One of the further development pieces is to create a "pedestal" for the cube to sit on. This pedestal will provide charging power as well as allow for easy reprogramming of the Arduino within the cube. However, one of my concerns is that it will be difficult to place the cube on the pedestal and get to pads and pins to line up. To help this, I've removed a "keying" corner on the cube. By designing the pedestal with a matching key, it should allow me to ensure that there's a specific orientation of the cube that sits nicely on the pedestal without the risk of misalignment.
Highlighted Issue 3; Connector legs
So final issue I've spotted and was kind of aware of during the design process is that the legs for the connectors on the bottom and top PCBs will be protruding into the area where I want the side panels to be to create a closed cube. Common sense says that in the real world the Side panel PCBs will end up sitting on the legs and that ruins my closed cube ascetic;
You can see in the image that the legs of the connector are right up the board edge which is where the side panels should be flush. In order to overcome this I'll need to plot out small cuts in the side panel design that gives clearance to each of the pin legs on the bottom and top PCB. Totally doable, just takes a bit of thinking ahead.
I put together a short video of my pcb track layout for the 64 front LEDs on the side panel. I'm no video editor but I think it comes across well. As can be seen from the schematic, the LEDs are connected to the Max7219 in a matrix layout.
This daisy chains the LEDs together in columns and rows which initially makes it difficult on a 2 layer design to not end up getting your wires crossed and losing a tonne of space on the bottom layer. I came up with a way of interconnecting the columns and rows (8x8) by passing the 6 mil traces under the LEDs. I could fit 2 lines under each LED while maintaining a 6mil clearance. Something I note that the Bantam Tools CNC mill should be able to achieve. Check out the video to see how I pulled it off;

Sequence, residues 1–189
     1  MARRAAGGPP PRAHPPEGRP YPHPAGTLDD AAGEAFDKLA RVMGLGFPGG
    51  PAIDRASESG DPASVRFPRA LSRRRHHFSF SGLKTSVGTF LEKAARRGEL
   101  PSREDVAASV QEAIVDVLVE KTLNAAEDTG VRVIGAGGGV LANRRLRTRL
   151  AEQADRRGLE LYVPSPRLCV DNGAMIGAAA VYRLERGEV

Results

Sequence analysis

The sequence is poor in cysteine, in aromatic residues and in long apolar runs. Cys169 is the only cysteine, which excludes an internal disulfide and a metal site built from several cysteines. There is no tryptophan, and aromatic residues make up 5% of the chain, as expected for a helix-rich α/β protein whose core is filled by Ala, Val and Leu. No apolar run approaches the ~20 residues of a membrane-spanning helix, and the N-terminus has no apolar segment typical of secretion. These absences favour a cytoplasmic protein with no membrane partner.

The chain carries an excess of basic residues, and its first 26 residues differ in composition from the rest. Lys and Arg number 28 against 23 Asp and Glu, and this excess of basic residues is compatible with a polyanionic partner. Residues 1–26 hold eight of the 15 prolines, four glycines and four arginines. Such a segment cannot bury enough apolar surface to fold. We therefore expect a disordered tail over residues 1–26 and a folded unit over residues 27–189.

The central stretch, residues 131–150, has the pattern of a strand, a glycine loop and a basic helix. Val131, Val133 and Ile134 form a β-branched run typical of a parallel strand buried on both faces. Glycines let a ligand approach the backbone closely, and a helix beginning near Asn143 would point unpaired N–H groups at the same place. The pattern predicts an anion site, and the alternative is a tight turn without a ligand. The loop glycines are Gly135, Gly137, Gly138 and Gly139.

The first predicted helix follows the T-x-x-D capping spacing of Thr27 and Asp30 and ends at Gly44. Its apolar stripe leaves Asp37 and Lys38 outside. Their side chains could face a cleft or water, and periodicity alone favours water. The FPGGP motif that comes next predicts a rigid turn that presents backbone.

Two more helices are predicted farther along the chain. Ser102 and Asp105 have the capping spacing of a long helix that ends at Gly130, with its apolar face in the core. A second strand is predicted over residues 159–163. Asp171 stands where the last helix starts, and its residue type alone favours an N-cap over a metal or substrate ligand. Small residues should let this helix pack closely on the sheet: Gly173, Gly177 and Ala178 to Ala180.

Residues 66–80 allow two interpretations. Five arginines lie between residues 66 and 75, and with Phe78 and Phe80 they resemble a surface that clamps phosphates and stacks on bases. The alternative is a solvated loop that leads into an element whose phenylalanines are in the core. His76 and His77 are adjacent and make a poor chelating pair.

My vision for this design is to have the final boards produced with a black PCB and to remove the silk screen from the top overlay. I think this should give the cube a really modern and clean look while really allowing the LEDs to shine.
My latest changes to the bottom PCB are purely for visual. I've tried to add clear text where possible to highlight the key input/outputs and for prototyping I've left the Top Overlay on so we can see the individual LED numbers and interface pads.
I've produced the following diagram in an effort to explain the general connection layout and functionality.
Each side panel and top panel have a max7219 for running the LEDs. These are daisy-chained through the bottom board as the data out of each max7219 is passed to the next board. Port 1 on the bottom panel can be used with an ICSP in order to burn the Arduino Bootloader to the ATMega328P as well as being used to drive the first side panel.
The side panels for the LED Cubular are as simplistic as possible. Each one will have 64 LEDs on the front (no silk screen) and on the back is the connectors for the top and bottom and a max7219 which is a dedicated LED driver chip that can handle 64 LEDs in a matrix connection and communicates with the bottom PCB ATMega328P via a protocol similar to SPI. What's particularly nice is that the Max7219 can be daisy-chained together to allow for a single communication bus, requiring only 3 pins from the ATMega328P.
The top panel mirrors the connectors of the bottom but matches the side panels in simplicity. Perhaps in the future this extra space could be used for adding bluetooth functionality or other expanded features? For now, it's a simple mimic with the Max7219 and the 64 LEDs.
For the initial design of the Bottom PCB I restricted myself to a 2 layer PCB. It's quick and dirty and really it should be a 4 layer so that I can offload power and ground to the internal layers. However, for an initial design and prototype I think it'll work. The Bottom PCB is the "Brains" of the project. It has the following features;
Arduino compatible ATMega328P
4 x Panel Connectors for the side panels - 1 of these can be used with an ICSP programmer to burn the Arduino Bootloader to the ATMega328P.
IMU - LSM9DS1TR - for orientation tracking i2c accelerometer, gyroscopes and magnetometer
LiPo JST Battery connector with charging chip and 5v Boost - based on Adafruit 500 Powerboost
Max 7219 LED Driver for 64 LEDs. Communication via an SPI-similar bus.
And on the back side we have the 64 SMD 0805 LEDs and exposed pads for pogo pins to allow for charging and reprogramming.